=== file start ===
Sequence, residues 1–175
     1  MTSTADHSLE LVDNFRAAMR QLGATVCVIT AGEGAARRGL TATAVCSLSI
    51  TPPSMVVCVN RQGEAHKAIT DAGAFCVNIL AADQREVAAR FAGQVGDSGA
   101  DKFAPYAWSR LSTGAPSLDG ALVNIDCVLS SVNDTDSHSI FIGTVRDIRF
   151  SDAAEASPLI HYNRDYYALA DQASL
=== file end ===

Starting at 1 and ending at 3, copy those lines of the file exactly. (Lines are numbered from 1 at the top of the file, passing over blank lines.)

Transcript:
Sequence, residues 1–175
     1  MTSTADHSLE LVDNFRAAMR QLGATVCVIT AGEGAARRGL TATAVCSLSI
    51  TPPSMVVCVN RQGEAHKAIT DAGAFCVNIL AADQREVAAR FAGQVGDSGA